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Ask T+L: China, The Common Cold, Staff Gifts

My wife and I are going to China in the spring. Can you recommend a few affordable tours?
—C.D., VIA E-MAIL

The 13-day Yangtze River Splendors trip offered by Orient Flexi-Pax Tours (800/545-5540; www.isram.com; from $2,685 per person, including airfare) travels from historic Beijing to cosmopolitan Shanghai. In between, you'll meander down the fabled river for four days on a 280-foot-long ship. On the 13-dayFlavors of China tour, run by World Expeditions (888/464-8735; www.worldexpeditions.net; from $2,690 per person, excluding airfare), you'll visit food markets in Guangzhou, Xian, and Beijing and learn how to prepare dumplings and gong bao ji ding (stir-fried chicken and peanuts). Absolute Asia's Art & History of China (800/736-8187; www.absoluteasia.com; from $3,620 per person, excluding airfare) visits Tibetan Buddhist frescoes at Beijing's Summer and Lama Palaces, exquisite paintings in the caves of Dunhuang, and the Great Wall. Though slightly more expensive, this tour—like all of the company's—is customized.

How can I avoid catching a cold while flying?
—P.E., VIA E-MAIL

An airplane cabin may be a petri dish of germs, but contrary to popular belief, it's not the recirculated air that puts you at risk of catching someone's cold or flu, says Dr. Bradley Connor, president of the International Society of Travel Medicine. Instead, it's the fact that you're sitting in close quarters with others who may be sick. Two recent studies published in the New England Journal of Medicine have shown that you're more likely to contract an airborne virus if you're sitting within six rows of someone who is sick. So what do you do when the person next to you is sneezing and coughing?"Don't be shy," Connor says. "If the person is not covering his mouth, remind him to." If there's room on the aircraft, ask to move to a vacant seat more than six rows away. And since viruses and bacteria can adhere to objects such as seat backs and tray tables for hours, make sure you wash your hands frequently—even when you're not in close proximity to a sick passenger. (This is especially important before touching your face or eating.) If you can't get to the restroom to wash, use antibacterial wipes. A recent study at Weber State University, in Ogden, Utah, found that essential oils such as lavender spike, ravensara, and thyme linalool have antibacterial properties and are effective defenses against microbes. Spritzing yourself with the popular No Cooties spray (www.nocooties.com)—which contains these oils—may also ward off unwanted germs.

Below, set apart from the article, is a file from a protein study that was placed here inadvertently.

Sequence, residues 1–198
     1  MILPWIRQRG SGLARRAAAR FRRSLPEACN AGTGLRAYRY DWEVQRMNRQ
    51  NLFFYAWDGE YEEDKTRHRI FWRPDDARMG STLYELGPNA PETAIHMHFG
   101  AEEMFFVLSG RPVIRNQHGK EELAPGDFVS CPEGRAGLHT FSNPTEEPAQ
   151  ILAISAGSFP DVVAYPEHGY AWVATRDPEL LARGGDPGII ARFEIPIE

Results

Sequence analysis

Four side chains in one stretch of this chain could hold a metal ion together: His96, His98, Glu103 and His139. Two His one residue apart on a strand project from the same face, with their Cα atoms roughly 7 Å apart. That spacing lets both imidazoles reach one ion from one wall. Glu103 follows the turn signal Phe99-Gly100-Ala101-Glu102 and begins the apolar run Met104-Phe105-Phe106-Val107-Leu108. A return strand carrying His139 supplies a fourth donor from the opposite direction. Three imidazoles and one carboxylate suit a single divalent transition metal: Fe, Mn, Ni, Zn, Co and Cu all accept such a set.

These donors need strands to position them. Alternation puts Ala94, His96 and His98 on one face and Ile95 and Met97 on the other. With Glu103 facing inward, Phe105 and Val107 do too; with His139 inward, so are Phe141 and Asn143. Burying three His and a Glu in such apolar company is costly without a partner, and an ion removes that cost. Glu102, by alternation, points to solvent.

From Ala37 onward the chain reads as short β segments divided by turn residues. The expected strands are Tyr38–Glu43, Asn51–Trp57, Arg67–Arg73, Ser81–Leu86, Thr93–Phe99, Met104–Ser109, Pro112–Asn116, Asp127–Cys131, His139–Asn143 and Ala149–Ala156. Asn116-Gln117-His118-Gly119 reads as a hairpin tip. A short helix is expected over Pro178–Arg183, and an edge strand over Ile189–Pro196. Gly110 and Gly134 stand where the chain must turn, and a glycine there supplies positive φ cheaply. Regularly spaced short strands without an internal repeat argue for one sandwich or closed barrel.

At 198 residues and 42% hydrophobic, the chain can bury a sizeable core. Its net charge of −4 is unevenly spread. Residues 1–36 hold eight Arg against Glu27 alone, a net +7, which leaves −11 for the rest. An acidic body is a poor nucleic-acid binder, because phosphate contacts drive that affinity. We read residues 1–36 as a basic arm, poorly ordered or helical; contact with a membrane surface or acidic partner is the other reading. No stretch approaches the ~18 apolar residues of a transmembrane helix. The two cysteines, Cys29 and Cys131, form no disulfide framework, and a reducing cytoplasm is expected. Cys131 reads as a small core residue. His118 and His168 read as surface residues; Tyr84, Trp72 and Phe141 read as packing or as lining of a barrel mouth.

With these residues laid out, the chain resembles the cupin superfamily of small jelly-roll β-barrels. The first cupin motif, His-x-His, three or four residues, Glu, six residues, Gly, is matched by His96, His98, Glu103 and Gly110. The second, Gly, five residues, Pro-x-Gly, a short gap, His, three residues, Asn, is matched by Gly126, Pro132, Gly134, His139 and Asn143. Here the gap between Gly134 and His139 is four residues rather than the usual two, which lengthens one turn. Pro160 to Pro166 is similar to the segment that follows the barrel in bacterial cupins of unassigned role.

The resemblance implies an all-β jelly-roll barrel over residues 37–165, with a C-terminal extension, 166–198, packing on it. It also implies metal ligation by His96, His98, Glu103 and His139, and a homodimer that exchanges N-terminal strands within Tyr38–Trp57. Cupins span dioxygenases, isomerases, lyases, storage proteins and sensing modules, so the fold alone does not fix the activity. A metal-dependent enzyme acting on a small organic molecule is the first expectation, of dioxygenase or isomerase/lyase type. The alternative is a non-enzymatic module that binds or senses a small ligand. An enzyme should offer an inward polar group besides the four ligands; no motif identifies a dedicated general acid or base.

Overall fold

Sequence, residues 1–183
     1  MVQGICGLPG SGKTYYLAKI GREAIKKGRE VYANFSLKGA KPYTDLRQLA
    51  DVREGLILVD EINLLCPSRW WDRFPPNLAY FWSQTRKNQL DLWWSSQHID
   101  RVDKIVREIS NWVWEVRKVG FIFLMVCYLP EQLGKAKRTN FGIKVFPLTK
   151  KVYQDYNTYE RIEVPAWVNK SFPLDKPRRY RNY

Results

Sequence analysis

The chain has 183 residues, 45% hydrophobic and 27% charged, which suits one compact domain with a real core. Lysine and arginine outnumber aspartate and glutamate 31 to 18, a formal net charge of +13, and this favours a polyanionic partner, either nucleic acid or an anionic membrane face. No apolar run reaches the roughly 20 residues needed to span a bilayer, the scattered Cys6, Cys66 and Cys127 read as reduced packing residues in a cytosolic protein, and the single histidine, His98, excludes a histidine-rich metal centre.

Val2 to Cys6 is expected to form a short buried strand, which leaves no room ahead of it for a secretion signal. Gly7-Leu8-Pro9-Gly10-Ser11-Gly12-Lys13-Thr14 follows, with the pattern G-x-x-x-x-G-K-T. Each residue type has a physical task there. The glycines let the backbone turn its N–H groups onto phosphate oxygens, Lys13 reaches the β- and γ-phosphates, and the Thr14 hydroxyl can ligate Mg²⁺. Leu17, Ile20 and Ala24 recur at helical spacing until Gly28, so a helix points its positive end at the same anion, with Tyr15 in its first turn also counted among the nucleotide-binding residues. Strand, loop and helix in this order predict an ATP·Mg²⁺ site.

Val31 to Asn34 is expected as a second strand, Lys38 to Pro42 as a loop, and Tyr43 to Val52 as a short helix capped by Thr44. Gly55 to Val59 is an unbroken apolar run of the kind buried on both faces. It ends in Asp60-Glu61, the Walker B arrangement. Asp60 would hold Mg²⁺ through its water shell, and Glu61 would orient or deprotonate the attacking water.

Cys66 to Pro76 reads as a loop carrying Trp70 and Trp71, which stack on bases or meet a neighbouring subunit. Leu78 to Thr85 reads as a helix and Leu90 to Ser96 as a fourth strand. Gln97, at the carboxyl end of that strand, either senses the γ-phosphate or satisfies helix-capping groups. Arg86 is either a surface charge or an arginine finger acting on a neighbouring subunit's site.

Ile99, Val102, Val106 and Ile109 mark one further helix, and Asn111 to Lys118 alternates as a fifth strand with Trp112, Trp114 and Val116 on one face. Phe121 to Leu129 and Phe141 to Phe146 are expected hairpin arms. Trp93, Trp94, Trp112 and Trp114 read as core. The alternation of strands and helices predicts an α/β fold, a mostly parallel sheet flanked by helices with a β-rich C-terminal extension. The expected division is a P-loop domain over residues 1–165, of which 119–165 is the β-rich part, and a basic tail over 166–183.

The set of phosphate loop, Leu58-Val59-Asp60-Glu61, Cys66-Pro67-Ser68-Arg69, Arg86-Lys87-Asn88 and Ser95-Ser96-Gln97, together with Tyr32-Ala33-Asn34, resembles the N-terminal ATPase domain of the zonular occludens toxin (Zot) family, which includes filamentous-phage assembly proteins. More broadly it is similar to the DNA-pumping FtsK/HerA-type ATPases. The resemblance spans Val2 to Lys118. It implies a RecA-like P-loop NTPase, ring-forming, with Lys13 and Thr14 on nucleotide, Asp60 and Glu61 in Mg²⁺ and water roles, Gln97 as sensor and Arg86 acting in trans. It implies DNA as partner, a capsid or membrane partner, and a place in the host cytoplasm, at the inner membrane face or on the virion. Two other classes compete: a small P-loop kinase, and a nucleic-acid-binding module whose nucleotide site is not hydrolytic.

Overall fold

We're staying at a high-end resort for the holidays. Are we expected to give the staff gifts?
—M.J., VIA E-MAIL

While a wrapped present is never required, says Nancy Strong, a member of T+L's Travel Agent Advisory Board, you should feel welcome to spread the holiday spirit with a larger-than-usual tip. "It is not uncommon for guests to be especially generous when leaving gratuities during the holiday season," she says. If you tip at the end of your stay, Strong recommends leaving 20 to 25 percent of your total bill (as opposed to the regular 10 to 15 percent). Gift-giving is appropriate only when you are a frequent guest and have developed a rapport with a particular staff member.

WRITE TO US! Click here to e-mail queries, fax them to 800/926-1748, or mail them to Ask T+L, Travel + Leisure, 1120 Ave. of the Americas, 10th floor, New York, NY 10036. We regret that questions can be answered only in the column.

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